Over to pictures now…

Jewelry and glass repurposed as a lamp holder

glass

An assortment of jewelry..

jewelry

green life

Sometimes I marvel at the lengths we go to as parents. Starfruit, pomelo, pineapple, and orange take the coveted four spots in my son’s list of favorite fruits. There is a slight glitch here: the first two are not easily available, let alone taste. So I’m yet to figure out how they moved  up the ladder in his list of favorite fruits. I’ve had Pomelo as a child but didn’t see one for the next 20 years, until last summer. Starfruit, on the other hand, I saw for the first time at Hyper City (ridiculously priced) a couple of years back and then at Hyderabad.

There was a mini Malnad mela by Vanastree at Green Life, I’nagar on Friday/Saturday where they planned to sell starfruit candy, kokum candy among other things. But, for us, these were the star attractions. So, we went Friday evening taking in the evening showers. No, there was no starfruit candy as the showers seemed to have spoilt the harvest. I was looking for starfruit seeds, as well, which they didn’t have. The organizer told me you can actually grow starfruit trees by propagation. Anyways, I was in for a surprise as I spot Kawandi Quilts. They were beautiful, and wonder how much work goes in to piece together those colorful patches.

Kawandi quilts

kawandi quilts

Good morning! Hope you had a great weekend. Yesterday, I went to Chitra Kala Parishath for the Vastrabharana Exhibition. Vastrabharana is held every year to showcase hand-crafted textiles from around the country. The exhibition primarily showcases saris and jewellery with a few collection of dress materials and stoles. Of all the handloom exhibitions I’ve visited, this one wins hands down. Each stall is unique and rich in its own way with no room for mediocrity in design, style or price.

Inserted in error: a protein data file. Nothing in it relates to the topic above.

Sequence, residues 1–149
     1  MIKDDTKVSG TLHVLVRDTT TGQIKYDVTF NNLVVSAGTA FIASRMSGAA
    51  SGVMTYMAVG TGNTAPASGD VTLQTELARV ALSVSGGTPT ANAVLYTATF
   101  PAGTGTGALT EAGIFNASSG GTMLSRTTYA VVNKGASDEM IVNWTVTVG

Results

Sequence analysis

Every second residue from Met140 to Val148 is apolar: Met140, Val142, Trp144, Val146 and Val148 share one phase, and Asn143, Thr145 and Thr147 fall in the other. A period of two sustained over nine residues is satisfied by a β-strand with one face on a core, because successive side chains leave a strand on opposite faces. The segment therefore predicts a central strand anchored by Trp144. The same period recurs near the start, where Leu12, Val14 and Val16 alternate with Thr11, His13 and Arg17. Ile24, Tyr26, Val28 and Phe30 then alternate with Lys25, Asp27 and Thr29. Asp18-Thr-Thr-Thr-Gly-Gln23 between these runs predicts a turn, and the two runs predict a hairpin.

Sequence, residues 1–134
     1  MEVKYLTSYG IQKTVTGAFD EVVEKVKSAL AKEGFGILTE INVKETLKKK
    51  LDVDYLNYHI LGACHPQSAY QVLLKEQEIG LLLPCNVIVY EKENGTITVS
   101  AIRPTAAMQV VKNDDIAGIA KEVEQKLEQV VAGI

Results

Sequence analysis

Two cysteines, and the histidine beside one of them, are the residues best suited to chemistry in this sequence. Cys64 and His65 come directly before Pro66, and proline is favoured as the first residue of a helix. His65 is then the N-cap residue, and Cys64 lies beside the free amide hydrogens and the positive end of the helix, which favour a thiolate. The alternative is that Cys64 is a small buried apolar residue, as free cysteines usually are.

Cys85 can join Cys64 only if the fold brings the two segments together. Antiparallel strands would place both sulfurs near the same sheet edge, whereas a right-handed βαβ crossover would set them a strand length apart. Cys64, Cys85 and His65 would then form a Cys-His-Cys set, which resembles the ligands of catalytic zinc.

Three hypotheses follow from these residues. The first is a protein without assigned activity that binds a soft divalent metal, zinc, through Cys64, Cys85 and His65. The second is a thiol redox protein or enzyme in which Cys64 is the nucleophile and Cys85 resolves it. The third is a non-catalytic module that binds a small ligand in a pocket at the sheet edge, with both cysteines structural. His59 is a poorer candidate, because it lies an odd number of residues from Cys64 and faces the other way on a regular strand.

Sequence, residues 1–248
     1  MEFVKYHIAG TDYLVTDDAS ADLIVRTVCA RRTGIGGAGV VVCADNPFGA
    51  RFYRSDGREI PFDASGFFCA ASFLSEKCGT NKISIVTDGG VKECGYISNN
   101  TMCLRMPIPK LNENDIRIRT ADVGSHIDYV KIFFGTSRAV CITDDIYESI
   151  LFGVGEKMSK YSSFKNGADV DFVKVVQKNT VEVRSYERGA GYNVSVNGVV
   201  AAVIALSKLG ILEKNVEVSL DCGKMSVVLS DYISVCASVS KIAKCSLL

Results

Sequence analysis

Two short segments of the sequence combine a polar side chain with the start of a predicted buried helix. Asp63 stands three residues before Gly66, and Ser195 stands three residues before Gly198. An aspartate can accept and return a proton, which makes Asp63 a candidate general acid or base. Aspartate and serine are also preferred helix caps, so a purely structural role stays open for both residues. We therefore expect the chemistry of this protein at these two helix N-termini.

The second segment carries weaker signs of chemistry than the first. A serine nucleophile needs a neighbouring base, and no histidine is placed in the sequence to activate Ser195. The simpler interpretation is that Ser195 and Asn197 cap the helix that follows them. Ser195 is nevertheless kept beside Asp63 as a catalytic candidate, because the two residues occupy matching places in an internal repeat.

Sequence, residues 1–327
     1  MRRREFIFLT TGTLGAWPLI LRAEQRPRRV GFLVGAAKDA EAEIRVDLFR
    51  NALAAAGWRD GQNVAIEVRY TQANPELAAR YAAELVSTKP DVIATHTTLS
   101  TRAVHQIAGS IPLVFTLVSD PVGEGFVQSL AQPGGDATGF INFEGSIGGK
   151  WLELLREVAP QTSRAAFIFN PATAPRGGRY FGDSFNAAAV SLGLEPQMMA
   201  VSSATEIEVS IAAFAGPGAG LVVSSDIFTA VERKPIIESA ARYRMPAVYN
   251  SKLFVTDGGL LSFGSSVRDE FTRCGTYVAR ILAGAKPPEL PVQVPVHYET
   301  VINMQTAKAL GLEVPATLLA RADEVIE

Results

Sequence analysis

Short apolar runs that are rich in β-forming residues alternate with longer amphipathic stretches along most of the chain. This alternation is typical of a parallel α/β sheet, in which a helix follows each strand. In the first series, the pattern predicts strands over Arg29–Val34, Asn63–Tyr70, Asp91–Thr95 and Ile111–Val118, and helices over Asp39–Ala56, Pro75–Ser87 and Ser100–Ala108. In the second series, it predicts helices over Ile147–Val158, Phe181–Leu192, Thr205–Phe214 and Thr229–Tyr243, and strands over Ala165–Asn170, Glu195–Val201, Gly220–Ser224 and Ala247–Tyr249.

To say, you would come back awed by the hand-woven saris collection would be an understatement. First off, hats off to the talent and diversity we have in our country; it’s unparalleled.  Do you ever make a mental note to not go back to one of these exhibitions again because you can’t pick everything and that is depressing?

vastrabharana

From Telia Rumal of Andhra Pradesh, hand-woven Tussar from West Bengal, Chattisgarh, M.P., and Bihar, chanderi, maheshwari, ajrakh, bagh, hand-dyed fabric to Mura Collectives and handwoven Kanchipuram cotton saris, you’ll find it all.

I went going back in circles not knowing what to click, what images to soak in – the pure pleasure of feeling silk against your palm and the wide array of colors.

The picture you see below is of the Bandhini stall from Gujarat.

bandhini

It was 10:50  a.m. Sunday morning. The phone made a faint noise; a very unfamiliar one to me.  It turned out to be a event alert. You see I don’t usually mark my calendar for any meeting, let alone a trip to the Farmer’s Market. But I must have anticipated the exhaustion.